September 26, 2020

Maine Hunting Camps Or Really Most Any Hunting Camp

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Yesterday, I was pleasantly surprised to get a submission request from one of our readers on a piece of poetry about Aroostook County, Maine hunting camps. It is my opinion that this poem not only belongs as part of our publications at Maine Hunting Today but it belongs right here at the Black Bear Blog for the thousands of our readers to enjoy. Thank you Laurine for sharing with us.

Intro:
Hunting camps in northern Maine must be physically like others across the country. Our hunting camps in Aroostook County may be unique to the characters housed within.

Dear editor,
While checking sites to submit my writing on Ruttin’ Season to, I found many views of hunting camps. I noted one that is holding a contest for stewardship. It delineated perhaps ideal camps with its rules of conscious ecological use of land, types of camps, and facilities. I truly believe hunting camps may have all those effects, but the real “camp” is the atmosphere created by the characters that are seasonally housed within.

I have spent much time tucked away in corners of friends’ camps in northern Maine. I cherish the men that I have been privileged to meet. What characters they are, indeed, and each with their own set of stories, memories, and witticisms. One particular camp stands out above others and is referred to as “The Skittacook Tea Room”. In honor of those characters I wrote this poem describing the time of year that men are called to the hunt. After creating the somewhat rowdy first page I realized I had left out the true spirit of nights in camp with those men. I have read these pages aloud at seasonal gatherings, at wakes for those friends, and in the kitchens of the men I write about. Each is pleased, amused and touched to hear their camp life recorded in line.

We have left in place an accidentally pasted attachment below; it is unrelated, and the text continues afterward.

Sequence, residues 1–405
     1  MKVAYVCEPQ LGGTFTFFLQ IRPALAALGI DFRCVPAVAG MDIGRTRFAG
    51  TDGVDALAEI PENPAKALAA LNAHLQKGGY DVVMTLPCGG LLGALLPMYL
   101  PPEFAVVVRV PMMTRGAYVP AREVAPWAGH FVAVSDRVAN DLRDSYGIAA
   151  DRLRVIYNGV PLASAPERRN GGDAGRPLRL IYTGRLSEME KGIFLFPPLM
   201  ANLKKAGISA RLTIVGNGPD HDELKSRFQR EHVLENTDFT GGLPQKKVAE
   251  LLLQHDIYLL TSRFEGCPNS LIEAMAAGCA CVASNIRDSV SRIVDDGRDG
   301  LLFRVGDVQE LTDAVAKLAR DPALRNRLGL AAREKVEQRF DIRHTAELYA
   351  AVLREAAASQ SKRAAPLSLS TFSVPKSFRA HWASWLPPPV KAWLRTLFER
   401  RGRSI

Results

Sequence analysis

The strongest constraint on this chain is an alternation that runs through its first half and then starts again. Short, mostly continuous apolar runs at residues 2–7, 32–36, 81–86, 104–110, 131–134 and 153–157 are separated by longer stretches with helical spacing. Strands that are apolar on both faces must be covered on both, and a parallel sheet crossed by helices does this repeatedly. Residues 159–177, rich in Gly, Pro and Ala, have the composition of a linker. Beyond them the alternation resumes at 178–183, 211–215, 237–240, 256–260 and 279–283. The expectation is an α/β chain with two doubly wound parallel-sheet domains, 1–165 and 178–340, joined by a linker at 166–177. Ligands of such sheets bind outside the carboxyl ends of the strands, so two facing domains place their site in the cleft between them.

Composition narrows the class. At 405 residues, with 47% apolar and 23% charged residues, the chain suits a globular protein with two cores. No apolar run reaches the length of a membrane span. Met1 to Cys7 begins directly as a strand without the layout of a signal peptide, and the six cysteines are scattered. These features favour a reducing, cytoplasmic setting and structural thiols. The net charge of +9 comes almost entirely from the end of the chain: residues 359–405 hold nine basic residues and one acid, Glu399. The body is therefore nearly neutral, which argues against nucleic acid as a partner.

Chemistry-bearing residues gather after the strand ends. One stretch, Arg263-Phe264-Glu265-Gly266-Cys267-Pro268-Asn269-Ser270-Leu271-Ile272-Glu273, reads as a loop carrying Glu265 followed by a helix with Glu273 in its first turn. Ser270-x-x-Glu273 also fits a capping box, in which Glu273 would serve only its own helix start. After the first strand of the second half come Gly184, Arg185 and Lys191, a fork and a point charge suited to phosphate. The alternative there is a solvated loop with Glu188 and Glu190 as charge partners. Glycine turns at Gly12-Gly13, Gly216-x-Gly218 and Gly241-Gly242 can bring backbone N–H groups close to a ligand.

I am in hopes that this can be shared with many readers who will see the characters of their grandfathers, fathers, uncles and friends from their hunting camps as well. I seek no monetary gain, just the pleasure of sharing what is dear to me.

Thank you.
Sincerely,
L.T.Wilson

Ruttin’ Season

Alas, ‘tis time for mortal men
To bellar and drink, we fear.
The air is sharp hauled in their lungs
And all their piss runs clear.
They shout and sing, and belch their drinks,
Stumble round in frozen ruts.
Call down the moon, push all about,
And scratch their hairy butts.
Now, if you’re sane, you will not go
Where men in ruttin’ season gather.
For only fools and desperate whores
Would venture near that slather.
‘Tis not the sound that tears you up,
Nor fear of limb, or virtue,
But rather ‘tis the smell at dawn
That sure as hell will hurt you.
So stay away or join right in.
Just know there is no reason.
Your very life is in your hands
With men in ruttin’ season.

(pt 2)
Yet a closer look reveals the hour
When they gather close to share
All the stories old and tales so bold
Of callin’ moose and huntin’ bear.
Cocktails flow and fresh meat sizzles
As a well-known story grows.
The smoke curls low and wafts about,
All hope for a trackin’ snow.
Cards snap out as dealt around
An eager hand of poker,
While others stand and listen well
To another real life “joker”.
He does a step and struts about.
You’re guaranteed a show.
Though he’s told this one a dozen times
Not one gets up to go.
He bends real low and gives that call.
The whole damn camp is wondrin’
If maybe this time “Gagnon” will have
A hundred moose come runnin’!
The stories of war told by the old
And tales of hunters gone,
With rolling laughter and tear filled eyes,
They talk until the dawn.
Now I have sat amongst these men
And real friendship is the reason,
These men gladly leave it all behind
To bond in ruttin’ season.
So, if you’ve love of man an’ beast,
And can tell a tale or two,
Come tip your cup and linger near,
For this is the best you’ll do.
Leave the women home,
Kiss the children dear,
And say how you hate to leave ‘em,
Then run like hell to the huntin’ camps,
And savor ruttin’ season!

L.T. Wilson

Tom Remington

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